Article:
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▸2. Retail sweep programs. In a retail sweep program, an institution establishes two legally distinct subaccounts, a transaction subaccount and a savings subaccount, which together make up the consumer's account. The institution allocates and transfers funds between the two subaccounts in order to maximize the balance in the savings account while complying with the monthly limitations on transfers out of savings accounts established under the Board's Regulation D, 12 CFR 204.2(d)(2). Retail sweep programs are generally not established for the purpose of covering overdrafts. Rather, institutions typically establish retail sweep programs by agreement with the consumer, in order for the institution to minimize its transaction account reserve requirements and, in some cases, to provide a higher interest rate for the consumer than the consumer would earn on a transaction account alone. Section 230.11(c) does not require an institution to exclude from the consumer's balance funds that may be transferred from another account pursuant to a retail sweep program that Start Printed Page 9129are established for such purposes and that have the following characteristics: (1) The classification of the accounts involved complies with the Board's Regulation D, 12 CFR 204.2(d)(2), (2) the consumer does not have direct access to the non-transaction subaccount that is part of the retail sweep program, and (3) the consumer's monthly statement shows the account balance as the combined balance in the subaccounts.

3◂[2]. Additional balance. The institution may disclose additional balances supplemented by funds that may be provided by the institution to cover an overdraft, whether pursuant to a discretionary overdraft service, a service subject to the Board's Regulation Z (12 CFR part 226), or a service that transfers funds from another account held individually or jointly by the consumer, so long as the institution prominently states that any additional balance includes these additional overdraft amounts. The institution may not simply state, for instance, that the second balance is the consumer's “available balance,” or contains “available funds.” Rather, the institution should provide enough information to convey that the second balance includes these amounts. For example, the institution may state that the balance includes “overdraft funds.” Where a consumer ▸has not opted into, or as applicable,◂ has opted out of the institution's discretionary overdraft service, any additional balance disclosed should not include funds [institutions] provided under that service. Where a consumer ▸has not opted into◂[has opted out of ] the institution's discretionary overdraft service for some, but not all transactions (e.g., the consumer has ▸not opted into◂[opted out] overdraft services for ATM and ▸one-time ◂debit card transactions), an institution that includes ▸these additional overdraft ◂funds [from its discretionary overdraft service] in the ▸second ◂balance should convey that the overdraft funds are not available for all transactions. For example, the institution could state that overdraft funds are not available for ATM and ▸one-time (or everyday) ◂debit card transactions.▸ Similarly, if funds are not available for all transactions pursuant to a service subject to the Board's Regulation Z (12 CFR part 226) or a service that transfers funds from another account, a second balance that includes such funds should also indicate this fact.◂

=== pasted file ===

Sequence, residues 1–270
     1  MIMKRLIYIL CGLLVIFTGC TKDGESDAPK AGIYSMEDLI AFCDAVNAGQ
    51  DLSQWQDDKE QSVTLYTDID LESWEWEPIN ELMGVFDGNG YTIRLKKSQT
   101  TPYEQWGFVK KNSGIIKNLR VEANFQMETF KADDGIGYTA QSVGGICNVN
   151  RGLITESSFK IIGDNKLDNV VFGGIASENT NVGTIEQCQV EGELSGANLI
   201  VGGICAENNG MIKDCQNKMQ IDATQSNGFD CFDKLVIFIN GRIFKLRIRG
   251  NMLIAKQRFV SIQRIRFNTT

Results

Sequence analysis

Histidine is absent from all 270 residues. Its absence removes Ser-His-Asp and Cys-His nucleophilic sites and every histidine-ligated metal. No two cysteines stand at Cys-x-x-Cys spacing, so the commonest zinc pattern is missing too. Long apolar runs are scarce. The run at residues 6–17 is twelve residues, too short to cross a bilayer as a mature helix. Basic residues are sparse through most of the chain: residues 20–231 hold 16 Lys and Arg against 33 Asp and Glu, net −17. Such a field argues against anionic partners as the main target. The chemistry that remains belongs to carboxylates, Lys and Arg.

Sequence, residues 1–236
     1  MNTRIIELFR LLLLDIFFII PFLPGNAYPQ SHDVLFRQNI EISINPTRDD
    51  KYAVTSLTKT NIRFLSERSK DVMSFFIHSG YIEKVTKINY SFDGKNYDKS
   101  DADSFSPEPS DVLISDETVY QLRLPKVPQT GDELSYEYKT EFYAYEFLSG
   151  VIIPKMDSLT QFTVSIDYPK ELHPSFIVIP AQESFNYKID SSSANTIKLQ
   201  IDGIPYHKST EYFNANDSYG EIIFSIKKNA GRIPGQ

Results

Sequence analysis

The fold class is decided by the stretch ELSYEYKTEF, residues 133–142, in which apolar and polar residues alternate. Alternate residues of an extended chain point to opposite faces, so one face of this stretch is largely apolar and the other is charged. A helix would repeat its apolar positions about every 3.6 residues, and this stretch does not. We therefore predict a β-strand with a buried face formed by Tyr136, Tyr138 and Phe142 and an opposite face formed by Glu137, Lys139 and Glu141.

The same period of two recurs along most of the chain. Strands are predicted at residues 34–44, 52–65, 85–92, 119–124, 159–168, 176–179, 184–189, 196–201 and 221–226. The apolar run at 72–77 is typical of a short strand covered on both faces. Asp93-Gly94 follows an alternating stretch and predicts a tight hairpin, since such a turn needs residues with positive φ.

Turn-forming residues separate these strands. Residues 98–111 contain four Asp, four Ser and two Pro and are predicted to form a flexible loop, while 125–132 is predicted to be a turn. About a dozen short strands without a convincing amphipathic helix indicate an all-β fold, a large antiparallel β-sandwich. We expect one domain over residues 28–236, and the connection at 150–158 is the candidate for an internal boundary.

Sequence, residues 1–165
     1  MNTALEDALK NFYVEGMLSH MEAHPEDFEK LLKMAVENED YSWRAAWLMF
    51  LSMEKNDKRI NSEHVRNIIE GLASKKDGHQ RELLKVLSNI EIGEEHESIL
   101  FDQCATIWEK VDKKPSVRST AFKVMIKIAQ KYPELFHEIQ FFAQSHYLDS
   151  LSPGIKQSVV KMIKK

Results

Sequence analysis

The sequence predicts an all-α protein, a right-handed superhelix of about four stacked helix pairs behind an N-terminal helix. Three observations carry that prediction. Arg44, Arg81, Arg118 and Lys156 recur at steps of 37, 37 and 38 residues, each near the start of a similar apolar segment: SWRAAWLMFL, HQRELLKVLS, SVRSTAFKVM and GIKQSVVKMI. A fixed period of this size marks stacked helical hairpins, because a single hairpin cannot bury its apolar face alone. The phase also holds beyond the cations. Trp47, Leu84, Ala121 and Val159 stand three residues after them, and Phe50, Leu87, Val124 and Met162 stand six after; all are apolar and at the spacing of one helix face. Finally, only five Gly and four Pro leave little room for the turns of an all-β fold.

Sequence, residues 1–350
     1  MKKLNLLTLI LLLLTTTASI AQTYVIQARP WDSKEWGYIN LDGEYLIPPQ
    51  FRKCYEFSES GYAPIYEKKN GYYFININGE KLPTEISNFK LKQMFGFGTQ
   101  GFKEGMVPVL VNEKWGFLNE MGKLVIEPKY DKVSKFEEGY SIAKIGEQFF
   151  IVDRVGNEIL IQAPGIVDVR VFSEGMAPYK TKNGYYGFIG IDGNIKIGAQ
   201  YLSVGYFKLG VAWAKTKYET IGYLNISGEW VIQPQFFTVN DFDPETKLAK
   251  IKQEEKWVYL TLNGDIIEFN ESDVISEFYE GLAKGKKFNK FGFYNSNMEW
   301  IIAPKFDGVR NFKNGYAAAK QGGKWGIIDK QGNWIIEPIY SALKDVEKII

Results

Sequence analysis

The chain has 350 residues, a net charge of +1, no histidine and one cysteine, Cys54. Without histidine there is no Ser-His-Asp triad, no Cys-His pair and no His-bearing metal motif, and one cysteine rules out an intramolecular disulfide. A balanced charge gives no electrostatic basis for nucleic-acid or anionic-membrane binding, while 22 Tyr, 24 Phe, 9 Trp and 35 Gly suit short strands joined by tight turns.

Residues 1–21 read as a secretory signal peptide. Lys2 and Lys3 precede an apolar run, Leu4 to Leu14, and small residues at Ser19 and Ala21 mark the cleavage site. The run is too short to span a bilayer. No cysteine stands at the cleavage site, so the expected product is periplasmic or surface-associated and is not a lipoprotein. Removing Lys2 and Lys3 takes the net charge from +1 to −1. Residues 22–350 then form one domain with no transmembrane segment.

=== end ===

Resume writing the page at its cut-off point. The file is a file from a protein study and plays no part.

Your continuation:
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By order of the Board of Governors of the Federal Reserve System, February 18, 2010.

Jennifer J. Johnson,

Secretary of the Board.

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Footnotes

1.  The Board published a technical amendment in April 2009 correcting a printing error with respect to Sample Form B-10. Depository institutions must use Sample Form B-10, or a substantially similar form, including the box and gridlines, to provide totals for overdraft fees and returned item fees for the statement cycle and year-to-date. 74 FR 17768 (April 17, 2009).

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2.  The official staff commentary to Regulation DD provides that institutions should not use the generic term “insufficient funds fee” or “NSF fee” to describe both fees for paying overdrafts and fees for returning items unpaid. See, e.g., comment 6(a)(3)-2(iv) (institutions may group itemized fees, but may not group together fees for paying overdrafts and fees for returning checks or other items unpaid).

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[FR Doc. 2010-3719 Filed 2-26-10; 8:45 am]

BILLING CODE 6210-01-P